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 Resin Server | Application Server (Java EE Certified) and Web Server

deploying web-applications

Resin's deployment capabilities include clustered deployment, remote deployment, versioning and rollback, command-line deployment, browser deployment, and standard webapps directory filesystem deployment.


Resin's .war application deployment can be as simple as copying a .war file to a webapps/ directory on a local machine, and as powerful as cloud deployment, archiving, staging, rollback.

  • cloud deployment: Resin's cloud deployment will distribute a new web-application to all servers in the cloud, using a transactional store to ensure consistency.
  • activation control: deployment and activation can be controlled independently, allowing applications to be deployed and verified on all servers, and then activated at once or on a rolling-server basis.
  • archiving and rollback: deployed web-applications can be archived and quickly rolled-back if a deployment needs to be reversed.
  • staging: an application can be deployed to the cluster as a "preview" stage, which will be used only by a preview server.
  • graceful version upgrading: web-applications can be deployed with versions, letting current user continue with the old version and moving new users to the new version.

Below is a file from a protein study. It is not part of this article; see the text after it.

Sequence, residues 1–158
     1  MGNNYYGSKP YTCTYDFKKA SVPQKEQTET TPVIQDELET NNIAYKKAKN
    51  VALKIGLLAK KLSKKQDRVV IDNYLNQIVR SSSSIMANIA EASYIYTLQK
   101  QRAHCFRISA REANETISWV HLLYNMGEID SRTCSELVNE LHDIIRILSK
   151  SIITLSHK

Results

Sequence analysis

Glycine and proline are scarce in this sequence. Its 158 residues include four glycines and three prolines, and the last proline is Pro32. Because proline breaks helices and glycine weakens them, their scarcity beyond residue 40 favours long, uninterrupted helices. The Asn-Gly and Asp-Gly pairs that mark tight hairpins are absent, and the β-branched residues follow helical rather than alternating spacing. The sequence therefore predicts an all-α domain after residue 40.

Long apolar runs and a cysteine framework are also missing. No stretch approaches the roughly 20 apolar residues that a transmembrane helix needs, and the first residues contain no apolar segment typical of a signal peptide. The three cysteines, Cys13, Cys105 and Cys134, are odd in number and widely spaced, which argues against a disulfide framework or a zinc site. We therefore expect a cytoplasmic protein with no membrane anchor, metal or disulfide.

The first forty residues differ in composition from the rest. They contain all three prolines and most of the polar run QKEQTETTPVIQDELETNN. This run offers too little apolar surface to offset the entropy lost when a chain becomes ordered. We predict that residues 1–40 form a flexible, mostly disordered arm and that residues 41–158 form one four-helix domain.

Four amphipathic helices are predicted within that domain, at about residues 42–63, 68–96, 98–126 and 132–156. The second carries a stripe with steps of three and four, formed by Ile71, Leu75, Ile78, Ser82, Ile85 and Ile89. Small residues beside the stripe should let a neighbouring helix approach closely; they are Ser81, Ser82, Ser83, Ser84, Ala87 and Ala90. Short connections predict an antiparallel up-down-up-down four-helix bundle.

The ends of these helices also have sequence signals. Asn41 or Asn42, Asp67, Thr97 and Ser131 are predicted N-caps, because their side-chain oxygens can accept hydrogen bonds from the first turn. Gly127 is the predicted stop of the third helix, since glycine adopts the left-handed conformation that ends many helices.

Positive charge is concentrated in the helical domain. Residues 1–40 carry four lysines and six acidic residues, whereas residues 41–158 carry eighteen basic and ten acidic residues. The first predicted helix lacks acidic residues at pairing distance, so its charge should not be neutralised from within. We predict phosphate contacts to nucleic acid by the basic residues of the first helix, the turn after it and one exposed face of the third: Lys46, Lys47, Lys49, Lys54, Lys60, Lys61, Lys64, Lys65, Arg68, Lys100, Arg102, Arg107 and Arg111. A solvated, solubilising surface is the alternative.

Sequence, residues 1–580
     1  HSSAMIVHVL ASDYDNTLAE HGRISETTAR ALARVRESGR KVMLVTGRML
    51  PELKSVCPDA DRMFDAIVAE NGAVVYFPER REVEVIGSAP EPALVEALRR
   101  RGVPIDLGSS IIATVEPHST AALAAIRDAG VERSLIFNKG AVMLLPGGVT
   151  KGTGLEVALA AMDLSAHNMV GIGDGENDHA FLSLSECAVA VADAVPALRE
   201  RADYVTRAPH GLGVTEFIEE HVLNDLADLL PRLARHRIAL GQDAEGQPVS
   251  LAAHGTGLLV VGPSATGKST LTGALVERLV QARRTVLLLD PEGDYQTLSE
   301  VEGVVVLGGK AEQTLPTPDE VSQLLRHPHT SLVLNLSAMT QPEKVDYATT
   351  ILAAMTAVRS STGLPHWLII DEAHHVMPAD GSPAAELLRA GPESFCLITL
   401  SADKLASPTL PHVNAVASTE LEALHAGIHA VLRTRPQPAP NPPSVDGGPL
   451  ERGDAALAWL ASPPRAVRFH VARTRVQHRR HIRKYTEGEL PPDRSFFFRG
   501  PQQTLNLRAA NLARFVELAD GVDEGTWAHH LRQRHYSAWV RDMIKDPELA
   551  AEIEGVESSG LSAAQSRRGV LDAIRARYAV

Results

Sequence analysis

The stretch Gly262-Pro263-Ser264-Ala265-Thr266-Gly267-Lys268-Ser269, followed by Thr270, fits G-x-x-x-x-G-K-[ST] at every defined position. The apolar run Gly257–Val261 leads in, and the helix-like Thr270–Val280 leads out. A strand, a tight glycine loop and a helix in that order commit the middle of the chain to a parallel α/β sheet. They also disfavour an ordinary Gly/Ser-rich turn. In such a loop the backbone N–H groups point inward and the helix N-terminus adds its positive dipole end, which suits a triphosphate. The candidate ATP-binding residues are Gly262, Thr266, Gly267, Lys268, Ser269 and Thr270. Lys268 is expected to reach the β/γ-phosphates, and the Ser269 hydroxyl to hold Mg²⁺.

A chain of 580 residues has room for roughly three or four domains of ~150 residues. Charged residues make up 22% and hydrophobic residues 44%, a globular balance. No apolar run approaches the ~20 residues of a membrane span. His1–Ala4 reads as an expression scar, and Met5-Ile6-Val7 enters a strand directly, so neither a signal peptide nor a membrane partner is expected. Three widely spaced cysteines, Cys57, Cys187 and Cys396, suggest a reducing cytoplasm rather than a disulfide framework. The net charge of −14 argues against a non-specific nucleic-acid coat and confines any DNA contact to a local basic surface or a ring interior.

• command-line: web-applications can be deployed to the cloud from the command-line for scriptable deployment.
  • browser: for convenience, applications can also be deployed from a browser using the /resin-admin site.

Basic Deployment Methods

Webapps Directory Deployment

For a simple deployment, you can copy a .war archive file containing your application to a webapps directory. Resin will detect the .war archive, expand it, and start serving requests.

The webapps directory is configured and enabled by the <web-app-deploy/> tag in the resin.xml.

Example: web-app-deploy in resin.xml
<resin xmlns="">

<cluster id="">
  <host id="">
    <web-app-deploy path="webapps"

The expand-preserve-fileset attribute lets you keep files for a redeployment, which can improve restart times. Normally, Resin will delete all files for an update, including the compiled files for JSP, which forces Resin to recompile JSP files, even if they haven't changed in the update. If you add the expand-preserve-fileset, Resin will only recompile the JSP files that have changed.

Command-Line Deployment

Command-line deployment uses the same resin.xml <web-app-deploy> configuration as a webapps deployment and expands the archive to the same directory. Instead of looking for the .war file in a directory, Resin will look in an internal repository using the web-app's identifier.

Example: command-line deployment
unix> resinctl deploy test.war

The default deployment is to the default host with the war's name as a prefix. Both can be changed with deploy options.

Command-Line vs Directory Priority